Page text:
Ooh, that smell
Some pieces of produce—a shiny apple or a perfectly yellow banana—can get by on looks alone. But where would basil be without its smell?
A member of the mint family, or Lamiaceae, sweet basil (Ocimum basilicum) actually walks a fine line between the bitter and the sweet. Which is it? Eaten straight, it’s almost unpalatably bitter. Its smell, though, could be the gentlest, most alluring aroma in the garden—and savory main plates, desserts, popsicles and beer have all been bettered by this marvelous herb.
Basil, it is believed, originated in India and the Middle East before migrating outward. In Southeast Asia, the fragrant herb found its way into coconut milk curries. In Italy, chefs saw basil’s potential as a companion to cheese, and thus were born the Caprese salad and, of course, pesto.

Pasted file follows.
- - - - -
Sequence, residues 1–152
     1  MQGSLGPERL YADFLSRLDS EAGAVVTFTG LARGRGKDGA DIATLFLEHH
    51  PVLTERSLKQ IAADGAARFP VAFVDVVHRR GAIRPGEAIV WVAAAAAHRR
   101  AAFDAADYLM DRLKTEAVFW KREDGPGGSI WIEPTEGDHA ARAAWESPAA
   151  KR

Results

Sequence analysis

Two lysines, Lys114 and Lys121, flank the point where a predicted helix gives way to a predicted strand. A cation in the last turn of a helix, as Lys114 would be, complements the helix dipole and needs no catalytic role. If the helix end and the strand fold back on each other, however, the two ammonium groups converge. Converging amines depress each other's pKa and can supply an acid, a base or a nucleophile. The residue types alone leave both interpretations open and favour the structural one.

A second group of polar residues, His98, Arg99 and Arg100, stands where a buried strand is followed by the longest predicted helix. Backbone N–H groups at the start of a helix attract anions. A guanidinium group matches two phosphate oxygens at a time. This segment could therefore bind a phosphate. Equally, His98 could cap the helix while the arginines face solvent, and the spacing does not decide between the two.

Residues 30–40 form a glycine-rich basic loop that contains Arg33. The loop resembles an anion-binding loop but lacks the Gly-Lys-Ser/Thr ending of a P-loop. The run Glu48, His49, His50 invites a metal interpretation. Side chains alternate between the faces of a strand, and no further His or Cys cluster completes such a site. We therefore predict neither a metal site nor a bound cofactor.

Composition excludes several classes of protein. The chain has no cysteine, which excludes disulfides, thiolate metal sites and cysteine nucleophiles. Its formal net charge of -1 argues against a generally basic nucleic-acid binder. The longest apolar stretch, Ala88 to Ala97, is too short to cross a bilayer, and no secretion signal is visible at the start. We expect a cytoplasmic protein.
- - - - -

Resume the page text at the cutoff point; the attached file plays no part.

Today, some 40 varieties of O. basilicum grow, but a mere handful of cultivars dominate the American market.
At Good Humus Produce in Capay, Jeff and Annie Main grow three staples—Italian green, purple and cinnamon—and sell them at $2 per bunch at the Wednesday and Saturday farmers’ markets in Davis and at the Davis and Sacramento food co-ops. Annie suggests using the purple and cinnamon varieties as garnish on peaches. She also says she has made a knockout plum jelly spiced with her cinnamon basil.